Presentation on theme: "Research-Based Argument Essay Establishing and Supporting Positions: Investigating to Understand an Argument Session 1."— Presentation transcript:
Research-Based Argument Essay Establishing and Supporting Positions: Investigating to Understand an Argument Session 1
The Task O We got an from Ms. Little: Greetings Class of 2014, I would like to get your feedback on whether or not our cafeteria should serve chocolate milk. Please write me a letter and share why we should or why we should not, serve chocolate milk at school. I look forward to reading your letters. Shine on South Hill Shining Stars, Ms. Little
What do you think? O Turn and talk: Should the café serve chocolate milk? O Your opinions should be based on more than your personal reaction. Opinions need to grow from consideration of evidence. “Suspend judgement” Your first thoughts are a starting point.
Learning Target O I will compose an argument by collecting evidence that allows me to think through the various sides of the argument.
Gathering notes from both sides of argument For Chocolate Milk in Schools Against Chocolate Milk in Schools
Nutrition in Disguise: What the Midwest Dairy Council Has to Say About Chocolate Milk If you secretly love chocolate milk, you’re in for some happy news. Recently, the Midwest Dairy Association released an infomercial that argues chocolate milk is, according to nutritionist Melissa Dobbins, “nutrition in disguise.” In the infomercial, Ms. Dobbins, who introduces herself as a nutritionist for the Dairy Association and a mom, brings along three young friends to help her demonstrate that chocolate milk is a healthy part of a young person’s diet. As Ms. Dobbins puts it, “the fact is, that chocolate and other flavored milks have the same 9 essential nutrients as white milk, and a small amount of added sugar compared to other beverages. Best of all, because they love the taste, some kids drink more milk when it’s flavored.”
You only have to watch kids in the lunch line to see the truth of what Ms. Dobbins says. Given a choice, almost any child will choose chocolate milk over white. “We serve six or seven cartons of chocolate for each one of white milk at lunch,” says Mrs. Rally, a server in a local elementary school cafeteria. “In fact, it’s pretty much only with breakfast cereal that any kid would choose white milk.” What’s the attraction of chocolate milk? Well, if you haven’t had any for awhile, give it a try. You’ll have to admit that the creamy, smooth, chocolaty taste is truly delicious. But is it good for you? Ms. Dobbins says… yes. “Research shows that children who drink flavored milk meet more of their nutrient needs, do not consume more added sugar, fat, and calories, and are not heavier than non milk drinkers,” says Ms. Dobbins.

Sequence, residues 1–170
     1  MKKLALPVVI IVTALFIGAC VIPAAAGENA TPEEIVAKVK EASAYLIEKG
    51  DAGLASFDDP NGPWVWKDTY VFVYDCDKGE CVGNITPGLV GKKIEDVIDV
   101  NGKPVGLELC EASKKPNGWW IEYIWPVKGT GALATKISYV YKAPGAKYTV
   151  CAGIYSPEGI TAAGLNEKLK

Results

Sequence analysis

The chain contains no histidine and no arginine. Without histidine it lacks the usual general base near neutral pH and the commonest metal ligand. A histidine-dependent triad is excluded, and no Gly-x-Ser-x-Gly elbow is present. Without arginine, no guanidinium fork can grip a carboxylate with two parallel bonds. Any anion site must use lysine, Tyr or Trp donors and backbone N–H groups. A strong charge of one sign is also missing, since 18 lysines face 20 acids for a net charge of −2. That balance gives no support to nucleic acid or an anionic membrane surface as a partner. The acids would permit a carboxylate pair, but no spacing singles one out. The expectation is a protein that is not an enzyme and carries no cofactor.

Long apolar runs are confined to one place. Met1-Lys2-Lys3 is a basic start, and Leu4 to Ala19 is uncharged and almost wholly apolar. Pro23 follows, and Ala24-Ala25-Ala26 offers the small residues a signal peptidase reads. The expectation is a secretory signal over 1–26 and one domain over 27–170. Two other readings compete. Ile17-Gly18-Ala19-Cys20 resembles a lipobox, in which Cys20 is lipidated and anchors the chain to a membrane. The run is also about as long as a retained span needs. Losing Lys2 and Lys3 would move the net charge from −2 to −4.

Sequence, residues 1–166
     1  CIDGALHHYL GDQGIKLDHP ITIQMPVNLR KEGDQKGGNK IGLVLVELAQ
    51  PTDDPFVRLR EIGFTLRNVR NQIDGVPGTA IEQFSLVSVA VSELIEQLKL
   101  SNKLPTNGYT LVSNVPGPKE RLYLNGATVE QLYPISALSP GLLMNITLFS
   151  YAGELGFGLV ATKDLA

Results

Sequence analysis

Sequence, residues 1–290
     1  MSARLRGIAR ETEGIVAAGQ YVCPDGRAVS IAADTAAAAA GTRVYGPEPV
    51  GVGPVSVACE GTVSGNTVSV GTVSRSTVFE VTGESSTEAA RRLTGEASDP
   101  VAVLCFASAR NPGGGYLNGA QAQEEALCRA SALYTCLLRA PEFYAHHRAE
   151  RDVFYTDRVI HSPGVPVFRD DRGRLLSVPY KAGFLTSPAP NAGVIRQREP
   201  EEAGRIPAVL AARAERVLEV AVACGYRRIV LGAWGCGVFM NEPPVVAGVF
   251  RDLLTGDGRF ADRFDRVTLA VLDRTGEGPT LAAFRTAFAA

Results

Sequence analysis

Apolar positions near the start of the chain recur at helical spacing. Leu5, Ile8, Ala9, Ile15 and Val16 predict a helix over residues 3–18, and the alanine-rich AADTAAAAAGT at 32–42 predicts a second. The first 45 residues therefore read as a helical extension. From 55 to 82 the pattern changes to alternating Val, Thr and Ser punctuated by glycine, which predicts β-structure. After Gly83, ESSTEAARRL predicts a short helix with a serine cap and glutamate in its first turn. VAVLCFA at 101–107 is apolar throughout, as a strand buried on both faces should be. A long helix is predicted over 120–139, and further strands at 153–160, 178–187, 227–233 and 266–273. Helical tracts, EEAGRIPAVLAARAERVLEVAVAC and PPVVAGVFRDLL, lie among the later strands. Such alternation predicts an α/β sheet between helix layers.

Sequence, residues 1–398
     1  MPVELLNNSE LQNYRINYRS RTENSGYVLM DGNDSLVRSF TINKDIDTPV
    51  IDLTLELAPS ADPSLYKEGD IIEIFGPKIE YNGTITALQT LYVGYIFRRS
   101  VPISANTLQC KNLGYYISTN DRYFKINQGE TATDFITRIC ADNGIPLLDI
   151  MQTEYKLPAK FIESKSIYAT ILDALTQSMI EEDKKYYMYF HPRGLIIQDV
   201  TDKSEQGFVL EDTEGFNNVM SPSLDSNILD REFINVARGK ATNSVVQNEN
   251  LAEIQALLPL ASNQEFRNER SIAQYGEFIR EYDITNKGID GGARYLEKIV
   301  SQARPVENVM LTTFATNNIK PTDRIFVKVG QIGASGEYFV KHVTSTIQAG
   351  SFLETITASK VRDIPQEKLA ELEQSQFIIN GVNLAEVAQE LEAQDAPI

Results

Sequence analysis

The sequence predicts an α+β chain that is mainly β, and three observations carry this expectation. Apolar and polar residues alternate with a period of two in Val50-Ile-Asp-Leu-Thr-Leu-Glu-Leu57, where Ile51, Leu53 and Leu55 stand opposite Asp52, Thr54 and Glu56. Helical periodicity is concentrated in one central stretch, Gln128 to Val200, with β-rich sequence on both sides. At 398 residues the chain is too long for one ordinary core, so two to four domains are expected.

Process for notetaking O Take in information from text O Think about which side it goes on O Write info in the correct side of argument O Not yet sure of position O Evidence from text can help decide, even if I have a good idea about what I think O Keep an open mind
Chocolate Milk: More Harmful than Healthful Schools around the world serve chocolate milk—and kids love it. On a recent Australian newscast, investigative reporter Chloe Baker interviewed children about chocolate milk. “The only time I get chocolate milk is when I go to school only,” one youngster told Ms. Baker, as her friends nodded. In fact, many children only get to have chocolate milk at school—but they get to drink a lot of it there. Some children consume as many as 10 or even 15 cartons of chocolate milk in a week at school. Baker noted that “it’s an out of- control problem.” Chocolate milk has a sky-high sugar content. One tiny carton of chocolate milk has approximately 30 grams of sugar. That is more than a can of soda—and you wouldn’t see schools giving kids Coke. In fact, according to the Coca-Cola company, a mini-can, which contains 7.5 fluid ounces of soda, has only 25 grams of sugar. Thus, a small container of chocolate milk has approximately 20% more sugar than soda.
Argument writers collect information by suspending their judgment and gathering evidence on BOTH sides. O Work time: O Use articles in folders or computers to read articles or watch videos with both sides of argument O Take notes O On Thursday we will each do a ‘fast draft’ of an answer for Ms. Little
Mid-Workshop Point O The source for your information matters! O Note the Bibliographic information – (which article the fact or idea came from)
Review Your Work O Review the evidence you have gathered O Mark the pieces of evidence that are especially convincing to you and why (flag Post-its)
Taking an Initial Position O Decide (for now – you still have more research to do) based on evidence : O Does the evidence suggest that schools should serve chocolate milk or not? O Share your position AND the evidence that convinced you with your partner
HOMEWORK O Tonight, tomorrow and Wednesday: O Read an article or watch a video or look at a website to take further notes (There are links on our website, or use the paper copies from class) Read at least one article about chocolate milk that argues the opposite of what you believe and take notes. Be an open-minded listener. You may even change your position